PB, LT, MM, and NE designed the study. PB implemented the framework and ran experiments. FM and AB supervised the implementation and engineering of the work. AB and BF helped interpreting the findings and provided neuroimaging-related insights. All authors contributed to writing the manuscript.
NE was financed in part by the Coordenação de Aperfeiçoamento de Pessoal de Nível Superior—Brasil (CAPES)—Finance Code 001. MM was financed in part by the Conselho Nacional de Pesquisa—Brasil (CNPq).
Conflict of Interest
BF had a research grant from Pfizer outside of this study.
The remaining authors declare that the research was conducted in the absence of any commercial or financial relationships that could be construed as a potential conflict of interest.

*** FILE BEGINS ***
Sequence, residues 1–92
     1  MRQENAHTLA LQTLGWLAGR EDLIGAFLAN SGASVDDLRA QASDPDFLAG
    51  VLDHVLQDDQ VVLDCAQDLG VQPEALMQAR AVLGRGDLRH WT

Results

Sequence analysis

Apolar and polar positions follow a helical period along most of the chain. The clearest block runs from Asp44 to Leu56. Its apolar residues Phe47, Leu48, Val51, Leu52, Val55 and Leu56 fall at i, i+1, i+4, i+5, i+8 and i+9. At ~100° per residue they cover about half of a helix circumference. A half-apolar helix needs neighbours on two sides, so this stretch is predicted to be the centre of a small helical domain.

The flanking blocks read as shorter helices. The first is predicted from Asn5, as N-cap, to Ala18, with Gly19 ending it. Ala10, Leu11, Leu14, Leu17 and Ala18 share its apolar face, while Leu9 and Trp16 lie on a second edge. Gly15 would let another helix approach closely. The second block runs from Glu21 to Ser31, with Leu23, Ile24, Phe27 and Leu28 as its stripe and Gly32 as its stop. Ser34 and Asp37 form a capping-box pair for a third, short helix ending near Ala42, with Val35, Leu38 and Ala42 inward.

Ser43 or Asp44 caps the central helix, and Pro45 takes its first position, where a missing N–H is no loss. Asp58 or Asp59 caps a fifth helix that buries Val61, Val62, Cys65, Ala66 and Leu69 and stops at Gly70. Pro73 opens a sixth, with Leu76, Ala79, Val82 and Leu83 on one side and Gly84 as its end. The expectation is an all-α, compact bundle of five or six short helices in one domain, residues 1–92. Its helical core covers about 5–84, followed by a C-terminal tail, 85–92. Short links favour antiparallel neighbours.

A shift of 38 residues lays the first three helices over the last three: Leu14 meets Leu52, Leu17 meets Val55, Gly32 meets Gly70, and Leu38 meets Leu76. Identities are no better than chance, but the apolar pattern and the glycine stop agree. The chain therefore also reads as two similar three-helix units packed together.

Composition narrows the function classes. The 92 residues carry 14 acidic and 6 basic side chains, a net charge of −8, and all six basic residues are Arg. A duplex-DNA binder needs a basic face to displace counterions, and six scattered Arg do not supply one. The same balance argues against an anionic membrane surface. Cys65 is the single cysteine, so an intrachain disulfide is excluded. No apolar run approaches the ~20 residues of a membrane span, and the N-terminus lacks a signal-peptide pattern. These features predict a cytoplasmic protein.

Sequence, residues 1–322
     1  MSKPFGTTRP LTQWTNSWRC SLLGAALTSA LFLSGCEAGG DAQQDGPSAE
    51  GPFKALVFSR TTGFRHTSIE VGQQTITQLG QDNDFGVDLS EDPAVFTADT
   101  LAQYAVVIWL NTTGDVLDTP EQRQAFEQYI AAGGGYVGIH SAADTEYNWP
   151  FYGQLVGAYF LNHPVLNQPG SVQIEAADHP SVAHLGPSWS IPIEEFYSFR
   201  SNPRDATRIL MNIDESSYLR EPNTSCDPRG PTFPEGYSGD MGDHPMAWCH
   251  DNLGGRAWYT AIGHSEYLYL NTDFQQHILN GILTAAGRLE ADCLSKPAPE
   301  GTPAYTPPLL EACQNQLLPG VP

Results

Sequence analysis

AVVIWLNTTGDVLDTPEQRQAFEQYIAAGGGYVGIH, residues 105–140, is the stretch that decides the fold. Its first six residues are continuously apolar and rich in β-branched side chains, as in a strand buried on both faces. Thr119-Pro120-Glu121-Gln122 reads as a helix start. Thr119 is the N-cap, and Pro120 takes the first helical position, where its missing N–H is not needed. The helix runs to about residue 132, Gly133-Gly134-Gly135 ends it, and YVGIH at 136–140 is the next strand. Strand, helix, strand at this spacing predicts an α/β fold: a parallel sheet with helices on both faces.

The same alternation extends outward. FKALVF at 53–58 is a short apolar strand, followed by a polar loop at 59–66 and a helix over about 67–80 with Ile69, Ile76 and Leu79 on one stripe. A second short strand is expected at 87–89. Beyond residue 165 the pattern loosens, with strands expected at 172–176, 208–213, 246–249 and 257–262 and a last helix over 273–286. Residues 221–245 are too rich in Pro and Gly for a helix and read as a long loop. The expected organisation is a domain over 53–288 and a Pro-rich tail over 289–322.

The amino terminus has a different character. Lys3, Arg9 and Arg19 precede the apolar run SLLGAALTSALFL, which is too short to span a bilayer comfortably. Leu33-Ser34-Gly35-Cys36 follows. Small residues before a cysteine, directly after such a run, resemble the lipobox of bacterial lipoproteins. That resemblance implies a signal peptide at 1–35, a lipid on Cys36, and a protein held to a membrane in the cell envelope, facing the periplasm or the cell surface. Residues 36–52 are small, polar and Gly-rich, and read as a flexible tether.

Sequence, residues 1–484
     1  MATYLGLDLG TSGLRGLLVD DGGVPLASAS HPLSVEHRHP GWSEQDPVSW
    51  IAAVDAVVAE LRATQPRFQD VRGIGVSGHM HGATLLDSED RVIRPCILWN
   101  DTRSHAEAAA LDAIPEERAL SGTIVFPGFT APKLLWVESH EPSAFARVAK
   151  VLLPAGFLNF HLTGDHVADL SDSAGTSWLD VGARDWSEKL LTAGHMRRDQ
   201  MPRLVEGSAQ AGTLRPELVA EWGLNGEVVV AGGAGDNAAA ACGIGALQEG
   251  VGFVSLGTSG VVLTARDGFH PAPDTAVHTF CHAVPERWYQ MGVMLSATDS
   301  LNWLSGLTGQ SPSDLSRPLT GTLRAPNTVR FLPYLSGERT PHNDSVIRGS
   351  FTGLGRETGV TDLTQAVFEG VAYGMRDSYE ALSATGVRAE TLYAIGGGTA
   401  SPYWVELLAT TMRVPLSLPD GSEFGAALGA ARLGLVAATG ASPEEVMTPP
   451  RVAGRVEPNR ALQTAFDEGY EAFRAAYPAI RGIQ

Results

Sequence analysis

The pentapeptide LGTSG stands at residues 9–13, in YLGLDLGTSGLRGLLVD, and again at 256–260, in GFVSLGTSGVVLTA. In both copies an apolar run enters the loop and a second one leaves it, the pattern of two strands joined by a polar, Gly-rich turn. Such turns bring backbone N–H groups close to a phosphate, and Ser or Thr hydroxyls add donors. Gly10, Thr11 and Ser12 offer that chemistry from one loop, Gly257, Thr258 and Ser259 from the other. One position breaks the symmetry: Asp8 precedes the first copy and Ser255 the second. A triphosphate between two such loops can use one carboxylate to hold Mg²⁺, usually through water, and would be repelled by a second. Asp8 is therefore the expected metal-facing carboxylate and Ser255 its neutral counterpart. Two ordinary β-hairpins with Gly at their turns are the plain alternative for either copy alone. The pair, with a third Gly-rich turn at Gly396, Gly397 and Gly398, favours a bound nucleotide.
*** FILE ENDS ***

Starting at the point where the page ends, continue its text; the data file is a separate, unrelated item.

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Keywords: brain age, deep learning, neuroimaging, convolutional neural networks, model interpretability
Citation: Ballester PL, da Silva LT, Marcon M, Esper NB, Frey BN, Buchweitz A and Meneguzzi F (2021) Predicting Brain Age at Slice Level: Convolutional Neural Networks and Consequences for Interpretability. Front. Psychiatry 12:598518. doi: 10.3389/fpsyt.2021.598518
Received: 24 August 2020; Accepted: 22 January 2021;
Published: 25 February 2021.
Edited by:James H. Cole, University College London, United Kingdom
Reviewed by:Ryan Muetzel, Erasmus Medical Center, Netherlands
Sebastian Gabriel Popescu, Imperial College London, United Kingdom
Copyright © 2021 Ballester, da Silva, Marcon, Esper, Frey, Buchweitz and Meneguzzi. This is an open-access article distributed under the terms of the Creative Commons Attribution License (CC BY). The use, distribution or reproduction in other forums is permitted, provided the original author(s) and the copyright owner(s) are credited and that the original publication in this journal is cited, in accordance with accepted academic practice. No use, distribution or reproduction is permitted which does not comply with these terms.
*Correspondence: Pedro L. Ballester, email@example.com